Auto industry’s change is deeply felt
Change is in the air in the automotive industry in more ways than one and the effects will be long-lasting in many ways.
In June 2014, I toured GM’s Orion, Mich. manufacturing plant for a cover story we ran in our 2014 Mid-Year Report. Shuttered as part of the 2009 GM bankruptcy, Orion was reborn, with new union rules, a new pay structure, and a new commitment to innovation and automation. At that time, GM was suffering quality issues that were spawning lawsuits and recalls.
From Aug. 2013 to July 2014, GM recalled more than 27 million vehicles built between 1997 and 2014, and the company faced a massive corporate scandal in early 2014 when 13 deaths were linked to faulty ignition switches in GM vehicles. The congressional investigations and public outcry that followed weren’t lost on the plant management and workers at Orion, but they told me at the time they were embarking on a different way to manufacture cars.
“I think we had to help them understand the bigger picture of our challenge of competitively building the first small car in the U.S.,” said plant manager Steve Brock at the time. “We had to help them understand how we were going to do that together and why change was important.”
Change was the central theme to GM’s announcement on Nov. 26 that it would shutter five North American manufacturing plants, stop the production of several car lines across GM’s portfolio, and refocus its efforts on autonomous, electric vehicles. It followed a similar proclamation earlier in the year from Ford, which announced it would end the manufacturing of almost all automobiles to instead focus on trucks, utility vehicles and commercial trucks.
These moves will first put auto plant personnel out of work and undoubtedly will cost jobs for the Tier 1 and Tier 2 suppliers for these plants. The ripple effect across manufacturing in these regions, and especially in Michigan, will be felt for years to come. The first wave feels like a tsunami.
These changes are driven by consumer preference—SUVs simply are more popular today than the family sedan on which the auto industry built its reputation. It also is driven by changes in technology and the enormous potential for both autonomous vehicles and electric vehicles.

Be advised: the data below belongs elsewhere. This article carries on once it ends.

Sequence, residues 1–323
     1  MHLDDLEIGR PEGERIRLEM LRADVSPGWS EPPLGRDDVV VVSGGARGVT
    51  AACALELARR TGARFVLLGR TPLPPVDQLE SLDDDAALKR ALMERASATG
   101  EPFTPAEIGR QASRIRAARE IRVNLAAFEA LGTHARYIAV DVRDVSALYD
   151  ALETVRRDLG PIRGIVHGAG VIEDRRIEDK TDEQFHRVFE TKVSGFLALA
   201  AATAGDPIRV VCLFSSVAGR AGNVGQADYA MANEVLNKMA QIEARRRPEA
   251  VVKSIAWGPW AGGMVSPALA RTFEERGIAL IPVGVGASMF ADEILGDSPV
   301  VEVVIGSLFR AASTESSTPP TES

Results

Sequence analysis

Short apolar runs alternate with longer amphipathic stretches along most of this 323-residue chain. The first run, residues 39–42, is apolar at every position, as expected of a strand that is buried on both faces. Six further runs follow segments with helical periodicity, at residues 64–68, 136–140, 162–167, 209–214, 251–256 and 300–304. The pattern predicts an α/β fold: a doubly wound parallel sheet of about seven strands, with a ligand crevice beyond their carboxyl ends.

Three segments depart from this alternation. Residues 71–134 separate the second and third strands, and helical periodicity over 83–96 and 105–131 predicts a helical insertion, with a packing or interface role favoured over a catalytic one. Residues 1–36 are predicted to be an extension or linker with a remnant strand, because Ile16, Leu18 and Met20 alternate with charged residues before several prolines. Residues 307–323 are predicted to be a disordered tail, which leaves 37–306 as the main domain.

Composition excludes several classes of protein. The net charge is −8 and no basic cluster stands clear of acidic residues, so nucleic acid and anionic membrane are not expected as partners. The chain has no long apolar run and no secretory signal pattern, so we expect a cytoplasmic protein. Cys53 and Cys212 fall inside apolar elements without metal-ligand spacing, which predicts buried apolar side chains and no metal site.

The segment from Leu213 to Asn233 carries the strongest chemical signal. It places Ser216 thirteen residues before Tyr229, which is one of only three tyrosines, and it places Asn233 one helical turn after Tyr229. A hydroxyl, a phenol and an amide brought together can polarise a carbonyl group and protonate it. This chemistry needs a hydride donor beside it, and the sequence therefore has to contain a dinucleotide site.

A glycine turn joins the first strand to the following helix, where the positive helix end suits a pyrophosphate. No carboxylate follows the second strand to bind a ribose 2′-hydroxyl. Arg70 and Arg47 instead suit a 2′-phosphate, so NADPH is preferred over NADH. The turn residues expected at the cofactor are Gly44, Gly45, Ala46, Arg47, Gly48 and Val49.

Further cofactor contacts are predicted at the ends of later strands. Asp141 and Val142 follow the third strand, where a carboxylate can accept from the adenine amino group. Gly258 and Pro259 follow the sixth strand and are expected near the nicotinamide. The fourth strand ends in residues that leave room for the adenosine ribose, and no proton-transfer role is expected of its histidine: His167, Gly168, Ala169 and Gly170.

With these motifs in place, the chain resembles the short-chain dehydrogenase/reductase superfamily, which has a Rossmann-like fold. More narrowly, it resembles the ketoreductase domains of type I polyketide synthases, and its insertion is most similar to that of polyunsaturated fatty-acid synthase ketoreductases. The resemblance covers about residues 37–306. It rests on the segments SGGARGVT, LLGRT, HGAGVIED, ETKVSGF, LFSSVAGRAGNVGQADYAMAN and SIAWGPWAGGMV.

As the announcement was coming from Michigan, I was in Munich, Germany, listening to a presentation from Siemens’ partner NXP, the world’s largest chip manufacturer for the automotive industry. The NXP officials described in great detail how the sensors built into autonomous vehicles would create a safer, more organized and more personal driving experience in the future.
GM already has committed to that future. Its new slogan, announced as part of the plant closings and product line reduction, is “Zero Crashes, Zero Emissions, Zero Congestion.”
But that’s the future. The present will see job reductions in both the front office and on the plant floor. The human cost will be extensive, especially just before Christmas, and even at a time when other manufacturers are seeking the kinds of plant-floor skills these workers will take with them from GM, these are wrenching decisions and painful choices for management.
Change can be painful. When GM closed Orion after the bankruptcy, those workers felt that pain and loss. When it reopened, it was under a set of work rules unique to both GM and the United Auto Workers union.
Today, Orion remains an example for GM of how change looks after a while. Orion survived the massive cuts announced by GM. In fact, a Detroit News article from May detailed how Orion has been building the Chevrolet Bolt electric vehicle since 2016 while the company has invested in the plant’s automation and tooling.
There is tremendous nostalgia about the American automobile. Detroit made more than cars for many families in the Baby Boomer generation. The automobile gave us autonomy and freedom. We could go as far as a gallon of gas could take us.
The announcements from GM and Ford this year, and the changing marketplace for automobiles, reminds us again that auto manufacturing is a business, and that business can be cold and fundamentally unfair. It also is a changing business in a changing world.